Strength and conditioning is a term used to refer to building the athletic qualities of an athlete. There are many qualities, such as strength, power, flexibility, endurance e.c.t. but really they all come down to one thing. Making the athlete more powerful, without making them less able to susstain that power output (power and endurance being opposite ends of the same spectrum). The way training works is we put a stress upon our body, and in response to that out body adapts. The stress is called a training stimulus, and it sends a message to our body. 'we need to be stronger' or 'we need to be able to run faster'.
What happens then when we send our body mixed messages? If you are a beginner you will see results doing anything, but if you are an intermediate level athelet you will really need to focus your message. For example, if you are telling it to become more powerful (stronger) while also telling it to become more endurance ornented (doing lots of aerobic work) then it will do neither well. It has conflicting messages, and doesnt know what to do.
The way professional athletes overcome this is through periodization. They will list all the artibutes they need, and structure them so that they work on one at a time, building them so that they peak before an event. Sport specific training has greater carry over to the sport, but also wears out the body faster. Typically you will start with non-sport specific stuff. This is long aerobic runs and strength training. You might then move on to doing anaerobic training with sort of sport specific movements, targeting the main muscles, but not mimicing the motion, i.e. med ball twists. The last stage is where you focus right before an event, using sport specific training and power systems. If you do 3 x 3 min rounds, you should be doing 3 x 3 min rounds, with a sport specific exercise like pad work or heavy bag training. Periodization is a tried and tested method used by the majority, if not all, professional athletes and trainers out there.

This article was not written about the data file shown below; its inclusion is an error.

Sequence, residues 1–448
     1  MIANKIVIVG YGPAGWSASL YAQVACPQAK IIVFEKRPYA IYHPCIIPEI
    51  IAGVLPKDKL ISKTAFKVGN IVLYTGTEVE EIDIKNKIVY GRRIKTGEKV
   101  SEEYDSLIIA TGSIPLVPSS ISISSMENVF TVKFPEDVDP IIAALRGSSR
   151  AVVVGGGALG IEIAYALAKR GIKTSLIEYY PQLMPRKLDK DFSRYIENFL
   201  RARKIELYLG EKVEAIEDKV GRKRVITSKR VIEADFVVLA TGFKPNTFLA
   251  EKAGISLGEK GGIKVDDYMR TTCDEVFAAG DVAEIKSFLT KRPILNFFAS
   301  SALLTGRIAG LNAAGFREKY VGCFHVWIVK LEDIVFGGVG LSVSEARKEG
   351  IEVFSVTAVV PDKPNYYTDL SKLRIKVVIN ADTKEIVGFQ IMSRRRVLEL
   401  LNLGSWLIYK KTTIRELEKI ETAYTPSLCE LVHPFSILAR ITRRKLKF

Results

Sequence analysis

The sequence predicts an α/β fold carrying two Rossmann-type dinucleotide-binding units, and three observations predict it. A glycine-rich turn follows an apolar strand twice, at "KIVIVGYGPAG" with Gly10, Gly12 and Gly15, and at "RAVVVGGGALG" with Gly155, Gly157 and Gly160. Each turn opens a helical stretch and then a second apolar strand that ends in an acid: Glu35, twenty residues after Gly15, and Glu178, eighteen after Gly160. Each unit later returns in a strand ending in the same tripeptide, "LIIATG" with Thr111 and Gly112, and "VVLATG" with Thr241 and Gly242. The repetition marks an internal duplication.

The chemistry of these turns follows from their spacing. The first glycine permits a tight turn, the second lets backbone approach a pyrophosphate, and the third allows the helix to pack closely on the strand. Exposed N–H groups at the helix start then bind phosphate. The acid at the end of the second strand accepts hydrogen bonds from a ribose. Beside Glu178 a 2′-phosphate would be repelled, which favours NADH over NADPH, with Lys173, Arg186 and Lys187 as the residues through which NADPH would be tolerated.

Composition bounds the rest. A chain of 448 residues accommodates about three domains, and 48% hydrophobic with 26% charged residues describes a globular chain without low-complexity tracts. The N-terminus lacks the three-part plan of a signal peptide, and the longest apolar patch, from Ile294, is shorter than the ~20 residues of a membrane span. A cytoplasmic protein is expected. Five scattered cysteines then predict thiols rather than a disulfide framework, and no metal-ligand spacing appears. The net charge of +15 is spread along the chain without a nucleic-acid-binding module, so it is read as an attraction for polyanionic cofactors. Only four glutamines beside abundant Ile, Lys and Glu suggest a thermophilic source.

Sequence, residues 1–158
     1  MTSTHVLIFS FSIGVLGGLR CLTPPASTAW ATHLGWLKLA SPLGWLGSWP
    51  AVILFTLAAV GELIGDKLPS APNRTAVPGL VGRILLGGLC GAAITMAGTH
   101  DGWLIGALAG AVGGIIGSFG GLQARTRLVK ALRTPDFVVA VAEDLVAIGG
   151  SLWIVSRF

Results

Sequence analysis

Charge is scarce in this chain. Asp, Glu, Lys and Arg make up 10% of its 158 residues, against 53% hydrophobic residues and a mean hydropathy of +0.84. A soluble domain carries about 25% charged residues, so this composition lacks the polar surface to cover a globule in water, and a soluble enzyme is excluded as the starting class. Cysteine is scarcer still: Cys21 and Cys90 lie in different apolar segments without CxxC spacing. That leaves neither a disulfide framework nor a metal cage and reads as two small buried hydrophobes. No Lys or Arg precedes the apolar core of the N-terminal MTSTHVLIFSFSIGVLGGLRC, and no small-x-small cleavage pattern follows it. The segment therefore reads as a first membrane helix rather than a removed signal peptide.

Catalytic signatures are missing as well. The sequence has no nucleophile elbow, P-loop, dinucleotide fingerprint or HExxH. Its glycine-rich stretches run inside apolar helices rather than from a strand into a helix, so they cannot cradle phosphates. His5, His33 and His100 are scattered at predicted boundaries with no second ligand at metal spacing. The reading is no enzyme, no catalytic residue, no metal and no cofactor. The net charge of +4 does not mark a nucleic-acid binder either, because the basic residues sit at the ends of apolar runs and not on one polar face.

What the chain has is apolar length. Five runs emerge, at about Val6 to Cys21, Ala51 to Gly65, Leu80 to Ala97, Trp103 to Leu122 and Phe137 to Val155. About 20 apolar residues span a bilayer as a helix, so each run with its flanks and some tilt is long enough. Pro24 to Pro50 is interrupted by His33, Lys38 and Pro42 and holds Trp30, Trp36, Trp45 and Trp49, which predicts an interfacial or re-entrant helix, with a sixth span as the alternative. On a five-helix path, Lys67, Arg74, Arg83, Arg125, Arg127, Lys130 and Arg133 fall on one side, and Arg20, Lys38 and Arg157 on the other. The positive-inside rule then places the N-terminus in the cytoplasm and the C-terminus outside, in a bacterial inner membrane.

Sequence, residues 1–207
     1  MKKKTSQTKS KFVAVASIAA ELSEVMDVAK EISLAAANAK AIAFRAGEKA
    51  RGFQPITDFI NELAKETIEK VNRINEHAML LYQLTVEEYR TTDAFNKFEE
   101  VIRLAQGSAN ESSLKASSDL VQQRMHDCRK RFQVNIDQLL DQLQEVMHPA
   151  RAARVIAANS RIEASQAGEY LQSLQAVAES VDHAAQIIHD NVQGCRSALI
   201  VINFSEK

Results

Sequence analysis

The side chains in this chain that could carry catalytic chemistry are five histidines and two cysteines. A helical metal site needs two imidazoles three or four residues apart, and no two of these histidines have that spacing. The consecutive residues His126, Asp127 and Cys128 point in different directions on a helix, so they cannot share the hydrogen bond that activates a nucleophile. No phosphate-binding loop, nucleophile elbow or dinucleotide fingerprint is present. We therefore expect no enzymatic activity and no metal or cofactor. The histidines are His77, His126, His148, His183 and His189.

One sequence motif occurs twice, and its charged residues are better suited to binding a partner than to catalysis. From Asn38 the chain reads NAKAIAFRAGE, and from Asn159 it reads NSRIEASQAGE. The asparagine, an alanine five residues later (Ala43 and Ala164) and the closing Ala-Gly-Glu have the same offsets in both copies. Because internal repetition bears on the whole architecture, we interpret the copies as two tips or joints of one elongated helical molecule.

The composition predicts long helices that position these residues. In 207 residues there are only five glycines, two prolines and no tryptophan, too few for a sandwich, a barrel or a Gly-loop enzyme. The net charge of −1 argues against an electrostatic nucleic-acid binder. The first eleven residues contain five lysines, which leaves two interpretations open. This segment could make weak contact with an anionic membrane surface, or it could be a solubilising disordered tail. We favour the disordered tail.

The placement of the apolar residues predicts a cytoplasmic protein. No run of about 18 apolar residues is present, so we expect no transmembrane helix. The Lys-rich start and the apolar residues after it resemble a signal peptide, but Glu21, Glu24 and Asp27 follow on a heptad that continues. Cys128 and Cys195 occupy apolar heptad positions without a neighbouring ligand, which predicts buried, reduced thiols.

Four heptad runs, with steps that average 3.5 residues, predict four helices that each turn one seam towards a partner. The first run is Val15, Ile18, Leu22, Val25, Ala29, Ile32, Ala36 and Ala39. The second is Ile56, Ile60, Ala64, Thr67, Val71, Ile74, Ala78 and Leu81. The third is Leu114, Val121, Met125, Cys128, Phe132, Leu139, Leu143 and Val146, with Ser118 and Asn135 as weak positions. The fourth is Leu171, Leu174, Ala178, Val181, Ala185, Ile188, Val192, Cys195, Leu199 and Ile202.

The problem, then, is what if you need to be in a state of readiness all year long? What if you dont have the luxury of knowing when you will have to fight? What if you dont have the luxury of having an off period where you can work on the non-specific components? The only answers I have to that question at the moment are to either use periodization with very short cycles so you are never lacking one area too much, or to just train everything all the time. There must be a better answer, so I was wondering how you train for self defense in regards to your strength and conditioning work.